I came across an article recently in Insurance Journal that shows just how prevalent the lawsuit mentality is in our nation. It’s a website from a Boca Raton-based company called WhoCanISue.com. Who Can I Sue is an easy-to-navigate website that offers the following wording: “There is nothing more frustrating than not having or being able to find the answer to a question that you have. WhoCanISue.com has been developed to help you find the answer to any and all legal questions.”
With drop down menus that target incidents like ‘nursing home liability’ then submenus for ‘bedsores’ or ‘walk away’ for those with seniors prone to wander, WhoCanISue is designed to let the masses find an appropriate attorney in their locale. I won’t grace this article with a hyperlink to the site, but you can go there yourself if you want to see more. This website leads me to my topic, risk management and public relations.
Because risk management is so closely linked to good public relations, I sometimes attend Public Relations Society of America meetings. Denise Tyrrell, a recent guest speaker, was the Metrolink spokesperson in 2008 when a Metrolink train accident killed 25 and injured many more. The engineer had sent a text message to rail fans just 22 second before the fatal crash, according to federal investigators. Although Tyrrell was later let go for her role in the handling of the media after the incident, she felt that she ethically handled the incident by admitting, early on, that something went terribly wrong. I’m not going to cover that here, but she did have some valuable lessons to teach about principled public relations, which she speculated rhetorically that just maybe ‘public relations’ was “an oxymoron.”
Here are some tips Tyrrell gave about public relations that can save companies a lot of grief without exposing them to additional risk.
Half truths and white lies, Tyrrell said, “Systematically erode our most valuable asset, our reputation with the media,” and of course, I might add, our public. “Public relations can be the ethical heart of an organization,” she said, but also added she prefers to think in terms of “integrity” rather than ethics, because integrity is internalized where ethics are a set of standards against which we benchmark our behavior. Eventually, she promised, the rubber will hit the road and the truth will come out.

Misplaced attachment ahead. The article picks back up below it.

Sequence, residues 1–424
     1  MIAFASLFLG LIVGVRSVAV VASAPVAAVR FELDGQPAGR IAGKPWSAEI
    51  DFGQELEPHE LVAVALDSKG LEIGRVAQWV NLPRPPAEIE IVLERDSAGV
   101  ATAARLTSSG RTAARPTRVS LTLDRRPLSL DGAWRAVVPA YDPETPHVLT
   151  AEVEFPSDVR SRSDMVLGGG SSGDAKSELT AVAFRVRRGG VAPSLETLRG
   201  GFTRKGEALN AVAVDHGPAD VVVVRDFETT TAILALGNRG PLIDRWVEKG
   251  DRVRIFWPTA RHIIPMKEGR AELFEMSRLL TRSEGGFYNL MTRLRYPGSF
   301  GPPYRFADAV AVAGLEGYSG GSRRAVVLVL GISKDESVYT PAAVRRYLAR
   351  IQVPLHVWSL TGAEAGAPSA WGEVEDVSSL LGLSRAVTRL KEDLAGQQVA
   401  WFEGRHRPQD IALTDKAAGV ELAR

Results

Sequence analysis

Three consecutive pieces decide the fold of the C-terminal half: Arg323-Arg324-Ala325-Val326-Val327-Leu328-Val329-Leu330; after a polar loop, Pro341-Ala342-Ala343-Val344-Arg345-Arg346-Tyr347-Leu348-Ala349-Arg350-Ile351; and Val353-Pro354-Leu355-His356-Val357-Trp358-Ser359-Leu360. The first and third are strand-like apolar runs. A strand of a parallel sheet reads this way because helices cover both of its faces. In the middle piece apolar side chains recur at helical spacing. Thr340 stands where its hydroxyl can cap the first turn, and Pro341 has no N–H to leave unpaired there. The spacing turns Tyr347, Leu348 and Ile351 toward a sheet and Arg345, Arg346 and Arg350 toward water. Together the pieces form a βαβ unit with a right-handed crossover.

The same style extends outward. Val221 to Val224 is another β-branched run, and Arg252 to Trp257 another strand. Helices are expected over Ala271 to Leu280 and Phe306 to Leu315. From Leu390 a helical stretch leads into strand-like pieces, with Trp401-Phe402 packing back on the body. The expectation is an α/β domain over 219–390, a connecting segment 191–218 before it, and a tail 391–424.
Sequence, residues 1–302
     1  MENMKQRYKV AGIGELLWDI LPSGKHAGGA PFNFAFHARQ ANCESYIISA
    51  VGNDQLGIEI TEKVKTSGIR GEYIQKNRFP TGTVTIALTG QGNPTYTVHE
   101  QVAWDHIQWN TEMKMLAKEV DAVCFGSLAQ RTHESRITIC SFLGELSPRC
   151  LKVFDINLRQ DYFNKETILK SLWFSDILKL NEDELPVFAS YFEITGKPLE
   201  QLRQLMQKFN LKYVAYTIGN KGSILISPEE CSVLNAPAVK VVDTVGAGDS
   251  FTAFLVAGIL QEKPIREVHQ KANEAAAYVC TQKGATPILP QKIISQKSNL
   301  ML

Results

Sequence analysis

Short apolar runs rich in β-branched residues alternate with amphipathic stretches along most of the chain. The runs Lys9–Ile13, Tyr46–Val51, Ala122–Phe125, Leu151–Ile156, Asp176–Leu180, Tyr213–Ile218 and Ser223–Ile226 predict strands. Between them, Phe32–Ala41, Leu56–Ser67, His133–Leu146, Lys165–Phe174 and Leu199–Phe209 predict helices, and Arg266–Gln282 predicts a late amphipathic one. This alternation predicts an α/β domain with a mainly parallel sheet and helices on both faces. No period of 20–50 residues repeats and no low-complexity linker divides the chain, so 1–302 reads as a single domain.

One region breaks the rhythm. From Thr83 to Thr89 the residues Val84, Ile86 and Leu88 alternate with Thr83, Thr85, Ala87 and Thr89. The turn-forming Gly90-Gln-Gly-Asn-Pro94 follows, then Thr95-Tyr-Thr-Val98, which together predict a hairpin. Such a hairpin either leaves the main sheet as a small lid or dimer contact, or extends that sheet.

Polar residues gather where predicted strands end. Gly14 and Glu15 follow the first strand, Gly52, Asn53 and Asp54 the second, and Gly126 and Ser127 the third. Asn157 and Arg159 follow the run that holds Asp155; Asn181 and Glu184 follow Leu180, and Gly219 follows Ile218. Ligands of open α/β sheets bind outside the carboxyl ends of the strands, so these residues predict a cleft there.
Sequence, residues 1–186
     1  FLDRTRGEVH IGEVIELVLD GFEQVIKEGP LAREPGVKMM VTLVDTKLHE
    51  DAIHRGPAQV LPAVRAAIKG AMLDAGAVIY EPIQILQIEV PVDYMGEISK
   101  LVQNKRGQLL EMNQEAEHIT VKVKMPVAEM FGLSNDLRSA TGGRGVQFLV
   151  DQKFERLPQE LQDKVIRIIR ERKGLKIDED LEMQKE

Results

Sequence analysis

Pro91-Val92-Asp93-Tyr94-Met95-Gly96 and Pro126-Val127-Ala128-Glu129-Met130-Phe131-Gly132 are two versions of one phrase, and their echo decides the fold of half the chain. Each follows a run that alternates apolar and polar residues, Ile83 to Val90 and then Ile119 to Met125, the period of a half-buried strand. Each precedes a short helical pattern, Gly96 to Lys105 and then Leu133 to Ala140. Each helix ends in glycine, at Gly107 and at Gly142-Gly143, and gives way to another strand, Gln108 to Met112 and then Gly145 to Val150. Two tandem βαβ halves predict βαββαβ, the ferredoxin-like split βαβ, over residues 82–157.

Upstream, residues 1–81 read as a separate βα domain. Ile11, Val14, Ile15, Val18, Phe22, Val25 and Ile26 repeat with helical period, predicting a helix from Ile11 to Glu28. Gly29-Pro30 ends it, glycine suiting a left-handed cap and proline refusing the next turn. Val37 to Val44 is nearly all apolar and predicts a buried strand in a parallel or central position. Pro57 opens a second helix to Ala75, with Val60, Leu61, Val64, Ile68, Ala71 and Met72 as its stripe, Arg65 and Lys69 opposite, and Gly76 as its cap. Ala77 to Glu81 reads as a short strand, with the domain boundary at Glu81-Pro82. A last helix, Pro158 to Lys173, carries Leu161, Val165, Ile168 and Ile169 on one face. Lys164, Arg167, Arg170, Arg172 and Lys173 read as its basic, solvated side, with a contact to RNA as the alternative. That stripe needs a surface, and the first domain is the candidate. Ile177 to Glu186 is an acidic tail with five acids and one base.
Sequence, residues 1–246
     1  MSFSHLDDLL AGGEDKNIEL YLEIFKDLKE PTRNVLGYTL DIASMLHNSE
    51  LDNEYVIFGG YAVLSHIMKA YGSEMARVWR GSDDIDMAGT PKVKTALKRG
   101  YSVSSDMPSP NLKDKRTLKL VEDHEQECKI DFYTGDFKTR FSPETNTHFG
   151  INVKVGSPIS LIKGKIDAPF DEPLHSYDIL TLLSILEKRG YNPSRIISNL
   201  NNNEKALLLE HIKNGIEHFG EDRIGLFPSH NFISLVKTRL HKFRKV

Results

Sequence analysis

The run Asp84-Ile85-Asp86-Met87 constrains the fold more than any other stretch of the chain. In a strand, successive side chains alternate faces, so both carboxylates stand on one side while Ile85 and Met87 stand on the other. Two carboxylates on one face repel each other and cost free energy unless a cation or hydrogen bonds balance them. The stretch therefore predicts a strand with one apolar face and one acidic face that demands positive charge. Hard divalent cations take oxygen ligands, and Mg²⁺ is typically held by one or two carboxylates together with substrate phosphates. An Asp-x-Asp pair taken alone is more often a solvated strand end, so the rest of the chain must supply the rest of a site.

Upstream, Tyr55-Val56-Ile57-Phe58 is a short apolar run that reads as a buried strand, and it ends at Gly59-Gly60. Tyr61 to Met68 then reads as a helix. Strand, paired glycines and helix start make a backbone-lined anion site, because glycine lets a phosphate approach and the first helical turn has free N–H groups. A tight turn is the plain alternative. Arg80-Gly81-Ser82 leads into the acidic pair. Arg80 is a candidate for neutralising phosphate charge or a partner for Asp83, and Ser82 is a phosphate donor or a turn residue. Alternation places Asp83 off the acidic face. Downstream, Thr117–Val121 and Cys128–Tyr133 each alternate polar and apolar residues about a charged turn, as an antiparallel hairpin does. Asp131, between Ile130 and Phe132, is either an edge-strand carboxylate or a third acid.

PR practitioners, according to Tyrrell, “need to show that we do care” when bad things happen. She recommended going beyond developing a written, detailed crisis plan and ensure everyone, including board members, review and understand the plan.
According to Tyrrell, her journalism background taught her this: “It takes ten years to build a reputation and ten minutes to lose it. In this new media cycle, this can happen very, very fast,” she warned.
As I have mentioned in other columns, public relations and good customer service are the heartbeats that lure and retain customers and reduce litigation. Public relations is more than ‘damage control’ or ‘spin’; it is a way to prime the public to understand that bad news may be coming, according to Tyrrell. I started my career in insurance claims and coincidentally we were taught, when we thought coverage was questionable, to begin warning the insured that there may be limited or no coverage. That way, if and when we must deny all or part of the claim, they aren’t totally surprised. People dislike surprises and subterfuge. If a public relations strategy is subterfuge, it isn’t public relations, it is a lie.